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Resveratrol Explained. A Little Bit.

There’s a new paper out in Cell Metabolism on resveratrol and SIRT1, and the press release from Elsevier (Cell Press) is just a tiny bit optimistic. “Study resolves controversy on life-extending red wine ingredient, restores hope for anti-aging pill”, says the headline, but believe me, no one paper is going to do that. (This entry has links back to some of the history of the compound and the target, as covered here, but it’s a convoluted story indeed). The EmbargoWatch web site calls it a “truly appalling” press release, and while I can’t disagree with that, I don’t think it particularly stands out: a lot of press releases are appalling.
And I disagree with them when they say that studies like this “probably don’t deserve any coverage at all”. It’s actually a very interesting paper, even if it’s not going to resolve any major controversies all by itself. It’s from David Sinclair and co-workers (a large international team), and it presents the results of a long-running effort to see if what resveratrol does in animals that don’t have the SIRT1 protein at all. That’s a good experiment, which cuts right to the question of whether resveratrol’s effects are SIRT1-driven or not. Problem is, the traditional knockout mouse model is almost always embryonic lethal in that case, so it’s not so simple that generate such animals. The team was able to develop inducible whole-body conditional knockout adult mice, though, and set about dosing them with resveratrol to see what happened then.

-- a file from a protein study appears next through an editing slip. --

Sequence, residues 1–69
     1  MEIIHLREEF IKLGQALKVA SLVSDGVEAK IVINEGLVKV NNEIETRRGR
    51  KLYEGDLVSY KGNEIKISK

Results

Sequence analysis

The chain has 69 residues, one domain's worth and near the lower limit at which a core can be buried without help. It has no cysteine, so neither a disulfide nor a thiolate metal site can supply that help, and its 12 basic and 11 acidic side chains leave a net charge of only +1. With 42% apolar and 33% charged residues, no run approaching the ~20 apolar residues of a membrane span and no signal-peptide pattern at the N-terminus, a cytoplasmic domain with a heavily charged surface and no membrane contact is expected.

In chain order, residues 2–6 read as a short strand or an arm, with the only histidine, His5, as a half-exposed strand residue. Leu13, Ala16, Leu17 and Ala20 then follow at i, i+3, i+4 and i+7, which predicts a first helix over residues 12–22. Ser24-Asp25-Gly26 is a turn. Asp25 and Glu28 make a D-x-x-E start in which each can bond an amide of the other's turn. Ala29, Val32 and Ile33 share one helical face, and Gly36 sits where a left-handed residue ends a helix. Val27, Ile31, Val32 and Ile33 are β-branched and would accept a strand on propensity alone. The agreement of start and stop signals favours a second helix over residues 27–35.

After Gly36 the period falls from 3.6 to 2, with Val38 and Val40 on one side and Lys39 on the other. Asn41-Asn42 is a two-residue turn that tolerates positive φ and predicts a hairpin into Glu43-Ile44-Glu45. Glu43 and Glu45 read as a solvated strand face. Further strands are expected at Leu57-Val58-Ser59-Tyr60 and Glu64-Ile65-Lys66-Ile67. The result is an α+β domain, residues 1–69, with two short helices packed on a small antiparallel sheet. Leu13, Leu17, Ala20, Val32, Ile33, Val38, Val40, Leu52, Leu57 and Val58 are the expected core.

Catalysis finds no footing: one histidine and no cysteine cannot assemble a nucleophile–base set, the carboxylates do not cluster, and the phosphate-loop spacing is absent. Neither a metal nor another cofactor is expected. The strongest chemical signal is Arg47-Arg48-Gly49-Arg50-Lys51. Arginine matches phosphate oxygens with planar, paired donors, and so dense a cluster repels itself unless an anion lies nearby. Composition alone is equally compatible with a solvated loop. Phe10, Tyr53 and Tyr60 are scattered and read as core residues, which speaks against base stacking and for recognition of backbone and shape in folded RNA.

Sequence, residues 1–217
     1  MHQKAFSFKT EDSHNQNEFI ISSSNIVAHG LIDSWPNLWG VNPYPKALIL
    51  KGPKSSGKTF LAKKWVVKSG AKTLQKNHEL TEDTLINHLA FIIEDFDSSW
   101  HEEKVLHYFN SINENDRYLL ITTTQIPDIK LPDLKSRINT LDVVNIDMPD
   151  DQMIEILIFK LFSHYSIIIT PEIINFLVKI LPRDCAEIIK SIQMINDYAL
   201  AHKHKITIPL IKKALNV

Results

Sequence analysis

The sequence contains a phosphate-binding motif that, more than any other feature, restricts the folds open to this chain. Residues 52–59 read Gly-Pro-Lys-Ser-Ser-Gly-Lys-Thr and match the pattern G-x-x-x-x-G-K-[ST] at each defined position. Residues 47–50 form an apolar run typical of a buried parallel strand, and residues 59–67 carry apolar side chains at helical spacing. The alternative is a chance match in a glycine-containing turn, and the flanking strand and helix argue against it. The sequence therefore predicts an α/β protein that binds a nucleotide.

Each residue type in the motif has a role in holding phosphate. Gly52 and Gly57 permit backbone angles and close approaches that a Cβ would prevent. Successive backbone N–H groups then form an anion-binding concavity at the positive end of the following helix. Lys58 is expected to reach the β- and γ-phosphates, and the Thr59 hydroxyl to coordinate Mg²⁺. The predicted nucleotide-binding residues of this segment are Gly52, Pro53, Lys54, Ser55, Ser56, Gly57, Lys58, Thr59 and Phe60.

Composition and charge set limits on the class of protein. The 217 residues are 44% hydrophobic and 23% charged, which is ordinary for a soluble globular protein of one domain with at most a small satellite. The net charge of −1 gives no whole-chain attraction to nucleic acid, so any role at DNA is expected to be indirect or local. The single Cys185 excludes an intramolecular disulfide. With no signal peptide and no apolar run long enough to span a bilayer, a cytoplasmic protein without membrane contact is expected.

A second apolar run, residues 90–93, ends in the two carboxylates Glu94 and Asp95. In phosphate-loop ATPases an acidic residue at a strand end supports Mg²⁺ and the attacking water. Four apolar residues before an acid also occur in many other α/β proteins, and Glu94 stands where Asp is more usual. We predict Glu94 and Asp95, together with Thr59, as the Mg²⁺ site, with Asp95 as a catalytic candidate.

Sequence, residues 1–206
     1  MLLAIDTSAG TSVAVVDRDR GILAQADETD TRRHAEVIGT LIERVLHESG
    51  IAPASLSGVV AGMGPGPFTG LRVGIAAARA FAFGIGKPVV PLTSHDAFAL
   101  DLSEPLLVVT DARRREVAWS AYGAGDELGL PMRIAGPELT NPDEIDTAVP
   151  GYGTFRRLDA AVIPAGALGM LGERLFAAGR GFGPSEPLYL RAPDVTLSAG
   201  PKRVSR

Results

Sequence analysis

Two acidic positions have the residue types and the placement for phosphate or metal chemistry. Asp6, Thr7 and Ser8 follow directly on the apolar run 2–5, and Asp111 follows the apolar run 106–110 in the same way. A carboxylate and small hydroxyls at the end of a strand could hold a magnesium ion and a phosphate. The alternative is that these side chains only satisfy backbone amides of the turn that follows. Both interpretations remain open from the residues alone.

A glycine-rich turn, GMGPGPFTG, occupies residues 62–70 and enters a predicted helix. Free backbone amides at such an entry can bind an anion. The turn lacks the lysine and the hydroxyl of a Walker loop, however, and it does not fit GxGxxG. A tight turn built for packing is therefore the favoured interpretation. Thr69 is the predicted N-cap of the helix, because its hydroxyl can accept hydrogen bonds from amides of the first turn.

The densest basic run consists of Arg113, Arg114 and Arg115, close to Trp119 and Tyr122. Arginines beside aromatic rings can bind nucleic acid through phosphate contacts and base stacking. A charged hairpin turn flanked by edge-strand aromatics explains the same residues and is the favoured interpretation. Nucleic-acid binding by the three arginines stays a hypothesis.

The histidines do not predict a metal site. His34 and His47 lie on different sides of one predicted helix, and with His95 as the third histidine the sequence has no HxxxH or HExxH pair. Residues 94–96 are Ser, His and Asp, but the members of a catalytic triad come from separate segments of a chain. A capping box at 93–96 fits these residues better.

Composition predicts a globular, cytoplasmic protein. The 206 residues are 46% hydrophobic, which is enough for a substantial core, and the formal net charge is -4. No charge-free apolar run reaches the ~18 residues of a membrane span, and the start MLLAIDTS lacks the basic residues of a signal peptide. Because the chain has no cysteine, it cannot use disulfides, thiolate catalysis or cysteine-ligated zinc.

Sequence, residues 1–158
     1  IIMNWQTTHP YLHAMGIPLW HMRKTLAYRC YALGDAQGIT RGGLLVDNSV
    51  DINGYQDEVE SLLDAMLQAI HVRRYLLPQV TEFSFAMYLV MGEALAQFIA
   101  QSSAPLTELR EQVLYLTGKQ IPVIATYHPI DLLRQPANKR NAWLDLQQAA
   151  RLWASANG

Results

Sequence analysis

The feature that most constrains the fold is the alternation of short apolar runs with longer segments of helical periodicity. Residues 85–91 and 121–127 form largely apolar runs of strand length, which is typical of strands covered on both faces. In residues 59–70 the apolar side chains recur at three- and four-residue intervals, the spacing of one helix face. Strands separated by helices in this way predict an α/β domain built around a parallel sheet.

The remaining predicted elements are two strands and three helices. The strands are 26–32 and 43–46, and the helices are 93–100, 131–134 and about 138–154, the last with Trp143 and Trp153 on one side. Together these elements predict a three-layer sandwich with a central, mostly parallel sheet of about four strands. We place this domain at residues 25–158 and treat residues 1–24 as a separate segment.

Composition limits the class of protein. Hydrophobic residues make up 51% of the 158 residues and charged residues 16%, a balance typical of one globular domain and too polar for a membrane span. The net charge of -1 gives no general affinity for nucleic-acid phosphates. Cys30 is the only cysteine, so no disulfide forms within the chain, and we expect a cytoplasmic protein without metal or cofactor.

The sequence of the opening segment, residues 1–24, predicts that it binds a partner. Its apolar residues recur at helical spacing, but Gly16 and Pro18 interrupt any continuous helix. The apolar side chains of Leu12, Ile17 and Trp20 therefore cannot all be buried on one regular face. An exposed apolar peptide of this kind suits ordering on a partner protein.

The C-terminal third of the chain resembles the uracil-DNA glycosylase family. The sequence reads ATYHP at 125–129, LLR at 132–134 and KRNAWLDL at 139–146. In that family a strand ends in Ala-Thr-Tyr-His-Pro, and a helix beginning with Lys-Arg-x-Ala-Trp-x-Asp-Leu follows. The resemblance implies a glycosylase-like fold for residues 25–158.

Well, quite a few things did. From what I can see, the marquee items are these: normal mice fed a high-fat regimen showed beneficial effects on their mitochondria when given resveratrol, but the knockouts didn’t, so that might be a clear connection to SIRT1. Resveratrol’s effects on AMPK appear to be SIRT1-dependent (there are several links in this post about that connection, some of which led to papers that hypothesized a SIRT1-independent effect). But resveratrol treatment had good effects on glucose levels in mice, whether or not they had SIRT1 present, so that part seems to be going through some other pathway.
Sinclair’s quoted in this Nature News piece as saying that this reflects the nature of resveratrol as a compound. “Resveratrol is a dirty, dirty molecule, very non-specific”, he says. I think that’s a very fair characterization, which is one of the reasons why I wouldn’t take it myself. (That does shed an interesting light on the 2010 controversy when two former Sirtris executives set up their own reveratrol distribution effort, though, doesn’t it?)